Introduction Top


Hemiballismus is a rare movement disorder associated with involuntary, large-amplitude, flinging movements of the limbs. [1],[2],[3],[4],[5] While it has been classically described with lesions of the subthalamic nucleus (STN), more and more lesions outside the STN have been reported recently. [1],[3],[4] Compared to those arising from STN, cortical hemiballismus is usually less severe with a good long-term prognosis. [1] It is important to recognize this rare disorder and investigate for possible treatable etiologies. Here, we present a case of hemiballismus resulting from an acute parietal lobe infarction which was self-limiting.


  Case Presentation Top


A 61-year-old man presented to the Emergency Department with sudden onset of involuntary flinging movements of his right upper extremity. The patient was working out at home when he noticed some numbness and tingling in his right arm which slowly progressed to violent shaking. He did not have any vertigo, dysarthria, diplopia, or weakness. Past medical history was significant for stroke 2 years back with no residual deficits. Vitals signs at the time of presentation were blood pressure of 165/84 mm of Hg, heart rate 82 beats/min, respiratory rate 19/min, and normal oxygen saturation on room air. Patient was noted to have irregular, arrhythmic jerky, and flinging movement of the right arm. Neurological examination revealed decreased sensation to light touch in the right upper extremity. Rest of the examination was unremarkable. Laboratory findings, including electrolytes and blood sugar were within normal limits. Computed tomography scan of the head revealed a small old left occipital infarct [Figure 1]. Subsequent magnetic resonance imaging of the brain revealed acute posterior left parietal lobe infarction [Figure 2]. Magnetic resonance angiography revealed mild stenosis of the right P1 segment. Patient was treated with one dose of aspirin 325 mg and continued on aspirin 81 mg and atorvastatin 40 mg. He was offered therapy with tissue plasminogen activator but declined therapy due to risks involved. His involuntary movements were thought to be consistent with hemiballismus secondary to a cortical stroke. The movements resolved spontaneously over the next 2 days. Patient was offered a loop monitor placement to look for any arrhythmias but declined. He was empirically started on warfarin and discharged home. He had not had any further episodes at 3-month follow-up.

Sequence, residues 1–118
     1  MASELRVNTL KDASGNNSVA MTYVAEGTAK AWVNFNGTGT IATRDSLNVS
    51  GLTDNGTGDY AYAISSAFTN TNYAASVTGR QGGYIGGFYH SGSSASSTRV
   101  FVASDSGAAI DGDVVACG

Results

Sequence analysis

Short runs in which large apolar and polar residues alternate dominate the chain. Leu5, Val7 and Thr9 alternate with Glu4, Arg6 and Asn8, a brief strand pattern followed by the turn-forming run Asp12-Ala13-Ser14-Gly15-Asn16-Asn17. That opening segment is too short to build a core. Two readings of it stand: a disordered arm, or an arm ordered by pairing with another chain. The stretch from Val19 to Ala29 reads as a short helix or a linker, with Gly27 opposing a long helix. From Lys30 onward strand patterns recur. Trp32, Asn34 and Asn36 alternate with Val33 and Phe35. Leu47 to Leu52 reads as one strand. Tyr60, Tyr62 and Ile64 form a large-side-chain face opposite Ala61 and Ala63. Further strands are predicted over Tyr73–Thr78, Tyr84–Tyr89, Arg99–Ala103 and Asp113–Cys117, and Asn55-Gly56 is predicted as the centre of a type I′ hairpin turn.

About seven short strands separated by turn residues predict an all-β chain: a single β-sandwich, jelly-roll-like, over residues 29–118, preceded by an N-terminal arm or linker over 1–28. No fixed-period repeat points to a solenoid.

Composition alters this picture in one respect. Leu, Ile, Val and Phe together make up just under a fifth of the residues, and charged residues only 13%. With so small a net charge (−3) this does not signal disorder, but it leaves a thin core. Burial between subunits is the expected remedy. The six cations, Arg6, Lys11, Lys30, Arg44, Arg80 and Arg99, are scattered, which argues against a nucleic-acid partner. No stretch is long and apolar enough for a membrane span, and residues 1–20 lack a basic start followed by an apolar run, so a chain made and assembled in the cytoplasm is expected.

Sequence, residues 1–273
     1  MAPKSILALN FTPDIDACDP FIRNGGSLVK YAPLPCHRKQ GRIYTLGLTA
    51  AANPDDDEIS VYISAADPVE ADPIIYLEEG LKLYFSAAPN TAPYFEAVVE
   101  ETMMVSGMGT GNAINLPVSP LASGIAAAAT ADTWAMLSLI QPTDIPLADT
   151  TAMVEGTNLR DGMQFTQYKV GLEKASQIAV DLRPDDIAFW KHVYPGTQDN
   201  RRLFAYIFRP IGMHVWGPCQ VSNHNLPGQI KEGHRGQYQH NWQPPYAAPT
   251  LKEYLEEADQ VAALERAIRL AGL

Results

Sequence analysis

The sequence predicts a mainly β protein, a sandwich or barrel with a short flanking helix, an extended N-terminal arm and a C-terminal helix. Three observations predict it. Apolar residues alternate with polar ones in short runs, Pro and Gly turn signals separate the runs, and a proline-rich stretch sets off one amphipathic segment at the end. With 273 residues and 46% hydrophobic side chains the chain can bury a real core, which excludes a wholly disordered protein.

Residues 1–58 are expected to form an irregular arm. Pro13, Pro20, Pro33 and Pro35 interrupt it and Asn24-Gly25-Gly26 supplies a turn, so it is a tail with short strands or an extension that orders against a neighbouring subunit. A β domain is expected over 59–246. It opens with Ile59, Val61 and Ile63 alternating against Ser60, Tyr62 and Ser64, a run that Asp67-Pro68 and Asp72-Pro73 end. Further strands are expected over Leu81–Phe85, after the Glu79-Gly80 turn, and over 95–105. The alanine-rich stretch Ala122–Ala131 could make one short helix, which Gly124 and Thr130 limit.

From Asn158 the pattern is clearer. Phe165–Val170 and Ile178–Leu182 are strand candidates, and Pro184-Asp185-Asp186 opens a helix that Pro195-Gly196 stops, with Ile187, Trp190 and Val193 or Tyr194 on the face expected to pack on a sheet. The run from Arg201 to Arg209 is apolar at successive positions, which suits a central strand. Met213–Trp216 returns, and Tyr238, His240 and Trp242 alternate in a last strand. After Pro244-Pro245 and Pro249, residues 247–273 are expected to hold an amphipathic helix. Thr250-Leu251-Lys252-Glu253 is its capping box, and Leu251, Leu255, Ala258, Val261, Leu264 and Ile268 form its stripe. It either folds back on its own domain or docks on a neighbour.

Figure 1: Computed tomography scan of the head revealing a small old left occipital infarct (white arrow)

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Figure 2: Diffusion-weighted sequences in magnetic resonance imaging of the brain showing restricted diffusion (white arrow) in posterior left parietal lobe consistent with acute parietal lobe infarction

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  Discussion Top